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Button Batteries & Other Choking Hazards

Babies between 6 months and 3 years old explore the world by putting objects in their mouths, and, around the holidays, there are small objects aplenty. From ornaments to miniature toys, choking hazards are easy to find.

Happily, at least four out of five swallowed items pass through a child’s digestive system on their own. But this process could take up to four weeks. To make sure the object has been expelled, parents should check their child’s stools.

If an object gets inhaled and caught in your child’s windpipe, you should immediately dial 911 or call your community’s designated emergency number. This can be life-threatening. If swallowing makes your child suddenly start to wheeze, choke, or have trouble breathing, treat it as a medical emergency.

Swallowed objects can also block the esophagus or lodge in the lower digestive tract, causing symptoms such as:

  • difficult or painful swallowing
  • drooling
  • hoarseness
  • chronic coughing with no known cause
  • chest or stomach pain
  • vomiting

If your child has these symptoms, do not induce vomiting. Instead, seek prompt medical attention.

That said, most children experience no immediate symptoms, even after swallowing something sharp. The same is true of button batteries, which can cause internal harm or even be life-threatening if swallowed.

Button batteries are the round batteries that likely power some of the small electronics in your home. You may find button batteries in:

  • Pocket calculators
  • Wrist watches
  • Bathroom scales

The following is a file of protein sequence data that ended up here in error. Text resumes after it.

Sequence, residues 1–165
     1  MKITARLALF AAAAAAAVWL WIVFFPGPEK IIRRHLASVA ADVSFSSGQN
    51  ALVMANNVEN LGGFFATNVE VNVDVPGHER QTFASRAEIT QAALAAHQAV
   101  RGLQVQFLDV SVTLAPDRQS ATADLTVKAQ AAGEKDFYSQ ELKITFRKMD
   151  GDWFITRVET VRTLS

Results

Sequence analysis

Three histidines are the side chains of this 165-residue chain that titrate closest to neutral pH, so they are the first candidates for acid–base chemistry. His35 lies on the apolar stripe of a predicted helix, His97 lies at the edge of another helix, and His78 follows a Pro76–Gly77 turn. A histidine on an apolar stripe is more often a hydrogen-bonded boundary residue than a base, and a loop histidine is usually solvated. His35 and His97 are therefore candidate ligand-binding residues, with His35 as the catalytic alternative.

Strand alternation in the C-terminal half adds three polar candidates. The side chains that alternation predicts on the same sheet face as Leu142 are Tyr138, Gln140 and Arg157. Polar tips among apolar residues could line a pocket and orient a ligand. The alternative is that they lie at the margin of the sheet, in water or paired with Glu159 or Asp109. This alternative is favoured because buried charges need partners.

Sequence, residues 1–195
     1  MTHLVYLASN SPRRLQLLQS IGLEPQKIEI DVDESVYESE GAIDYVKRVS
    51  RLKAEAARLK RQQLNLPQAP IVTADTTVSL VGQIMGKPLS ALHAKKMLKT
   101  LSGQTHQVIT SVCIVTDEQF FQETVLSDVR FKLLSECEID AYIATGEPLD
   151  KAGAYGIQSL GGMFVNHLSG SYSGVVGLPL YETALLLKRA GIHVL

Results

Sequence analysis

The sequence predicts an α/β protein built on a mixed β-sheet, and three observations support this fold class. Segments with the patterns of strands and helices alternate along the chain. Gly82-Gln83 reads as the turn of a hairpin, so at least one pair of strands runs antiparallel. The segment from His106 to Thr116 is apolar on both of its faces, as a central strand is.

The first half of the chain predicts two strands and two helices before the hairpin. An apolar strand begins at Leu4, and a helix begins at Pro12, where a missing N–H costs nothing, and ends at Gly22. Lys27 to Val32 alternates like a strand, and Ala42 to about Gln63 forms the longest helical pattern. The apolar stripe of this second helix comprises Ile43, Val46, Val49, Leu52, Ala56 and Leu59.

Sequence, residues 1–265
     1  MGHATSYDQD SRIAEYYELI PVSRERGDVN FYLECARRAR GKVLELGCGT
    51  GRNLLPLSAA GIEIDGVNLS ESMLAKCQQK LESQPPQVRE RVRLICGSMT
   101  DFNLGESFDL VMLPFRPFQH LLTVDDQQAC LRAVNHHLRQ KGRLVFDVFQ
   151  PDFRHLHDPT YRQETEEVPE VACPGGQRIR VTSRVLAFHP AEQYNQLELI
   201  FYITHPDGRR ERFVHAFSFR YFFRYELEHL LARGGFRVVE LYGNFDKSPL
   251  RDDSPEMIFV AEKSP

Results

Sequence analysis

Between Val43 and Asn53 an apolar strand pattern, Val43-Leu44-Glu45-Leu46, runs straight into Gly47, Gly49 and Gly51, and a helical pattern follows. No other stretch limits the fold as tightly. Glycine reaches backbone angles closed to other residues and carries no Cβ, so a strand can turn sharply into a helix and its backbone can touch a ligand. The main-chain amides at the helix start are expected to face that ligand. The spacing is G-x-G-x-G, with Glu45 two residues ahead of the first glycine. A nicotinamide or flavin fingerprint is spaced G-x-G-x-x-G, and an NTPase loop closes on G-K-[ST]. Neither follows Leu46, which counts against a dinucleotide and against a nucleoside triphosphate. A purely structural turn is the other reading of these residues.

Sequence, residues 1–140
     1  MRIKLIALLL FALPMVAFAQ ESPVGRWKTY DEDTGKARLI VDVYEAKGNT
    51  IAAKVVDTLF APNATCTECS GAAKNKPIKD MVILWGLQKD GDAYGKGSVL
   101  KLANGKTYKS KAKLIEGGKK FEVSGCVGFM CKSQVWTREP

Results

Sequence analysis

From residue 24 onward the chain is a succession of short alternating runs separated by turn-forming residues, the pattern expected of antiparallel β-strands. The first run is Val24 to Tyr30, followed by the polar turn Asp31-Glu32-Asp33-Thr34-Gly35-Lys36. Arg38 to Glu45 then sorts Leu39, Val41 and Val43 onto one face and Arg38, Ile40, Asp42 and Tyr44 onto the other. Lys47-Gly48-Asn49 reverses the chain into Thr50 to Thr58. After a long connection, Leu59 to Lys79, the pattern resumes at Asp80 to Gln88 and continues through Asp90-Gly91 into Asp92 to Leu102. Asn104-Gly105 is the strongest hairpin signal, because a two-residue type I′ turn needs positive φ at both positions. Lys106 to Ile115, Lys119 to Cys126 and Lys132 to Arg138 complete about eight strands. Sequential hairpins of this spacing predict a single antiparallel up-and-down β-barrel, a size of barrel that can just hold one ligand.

• Thermometers
  • Games and toys
  • Cameras
  • Holiday ornaments

If your child swallows a button battery, it’s important to go directly to the emergency room, regardless of symptoms. An x-ray may be needed to locate the battery. When found, it will have to be removed immediately.

Best Prevention Practices

These measures can help prevent your child from swallowing or inhaling foreign objects:

  • Watch your kids carefully when they eat and play.
  • Baby-proof your house by bringing yourself down to your child’s level. Get on your hands and knees and search for dangerous items your child might find.
  • Keep small household items and toys with small removable parts out of toddlers’ reach. Be sure to remove common offenders, such as latex balloons, coins, marbles, tiny balls, pen caps, button-type batteries, and pins and needles.
  • Never give children younger than age 4 hot dogs; nuts and seeds; large chunks of meat or cheese; whole grapes; hard, gooey, or sticky candy; popcorn; chunks of peanut butter; raw vegetables; raisins; or gum. These foods can cause young children to choke.

To find out more about performing first aid when your child swallows a foreign object, visit HealthyChildren.org. You can also learn how to get certified in First Aid or CPR from the American Red Cross.

Sources: American Academy of Pediatrics, American Red Cross, Krames Staywell

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